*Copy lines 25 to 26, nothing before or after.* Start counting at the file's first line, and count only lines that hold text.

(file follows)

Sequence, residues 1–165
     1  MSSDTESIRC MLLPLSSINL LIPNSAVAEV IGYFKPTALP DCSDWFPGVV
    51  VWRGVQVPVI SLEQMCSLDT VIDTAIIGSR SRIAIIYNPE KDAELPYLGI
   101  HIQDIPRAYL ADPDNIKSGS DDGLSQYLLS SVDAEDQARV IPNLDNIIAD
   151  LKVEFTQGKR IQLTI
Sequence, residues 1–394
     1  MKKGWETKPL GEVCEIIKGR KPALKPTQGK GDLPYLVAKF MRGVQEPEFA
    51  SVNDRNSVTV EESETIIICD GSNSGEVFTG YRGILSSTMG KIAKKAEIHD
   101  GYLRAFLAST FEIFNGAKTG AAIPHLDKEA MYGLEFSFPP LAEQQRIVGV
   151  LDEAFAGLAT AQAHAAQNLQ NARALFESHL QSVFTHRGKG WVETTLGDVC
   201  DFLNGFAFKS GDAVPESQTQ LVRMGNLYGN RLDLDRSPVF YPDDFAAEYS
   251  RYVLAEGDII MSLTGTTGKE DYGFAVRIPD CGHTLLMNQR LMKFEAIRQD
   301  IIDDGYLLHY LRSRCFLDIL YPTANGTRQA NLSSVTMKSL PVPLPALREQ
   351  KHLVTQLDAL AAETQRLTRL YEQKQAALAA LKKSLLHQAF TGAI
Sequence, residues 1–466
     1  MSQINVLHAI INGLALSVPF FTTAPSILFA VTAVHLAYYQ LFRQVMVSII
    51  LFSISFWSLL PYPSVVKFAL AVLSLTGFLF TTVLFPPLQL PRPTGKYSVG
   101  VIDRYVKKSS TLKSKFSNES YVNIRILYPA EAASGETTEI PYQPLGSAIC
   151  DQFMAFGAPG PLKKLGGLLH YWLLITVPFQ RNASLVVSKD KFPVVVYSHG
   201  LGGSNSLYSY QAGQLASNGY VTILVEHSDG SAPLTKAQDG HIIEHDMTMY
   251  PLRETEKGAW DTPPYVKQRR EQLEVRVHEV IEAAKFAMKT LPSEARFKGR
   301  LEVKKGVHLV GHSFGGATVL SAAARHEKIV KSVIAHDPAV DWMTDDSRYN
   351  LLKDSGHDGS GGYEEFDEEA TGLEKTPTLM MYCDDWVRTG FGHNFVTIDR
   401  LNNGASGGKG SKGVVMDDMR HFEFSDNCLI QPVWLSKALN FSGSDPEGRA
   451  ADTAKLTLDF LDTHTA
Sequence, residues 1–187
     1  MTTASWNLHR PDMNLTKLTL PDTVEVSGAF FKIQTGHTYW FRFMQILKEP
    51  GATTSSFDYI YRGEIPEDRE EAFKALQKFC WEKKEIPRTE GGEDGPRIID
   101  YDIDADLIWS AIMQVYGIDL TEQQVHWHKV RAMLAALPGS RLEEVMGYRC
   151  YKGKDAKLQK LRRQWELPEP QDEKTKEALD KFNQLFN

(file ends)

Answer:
   451  ADTAKLTLDF LDTHTA
Sequence, residues 1–187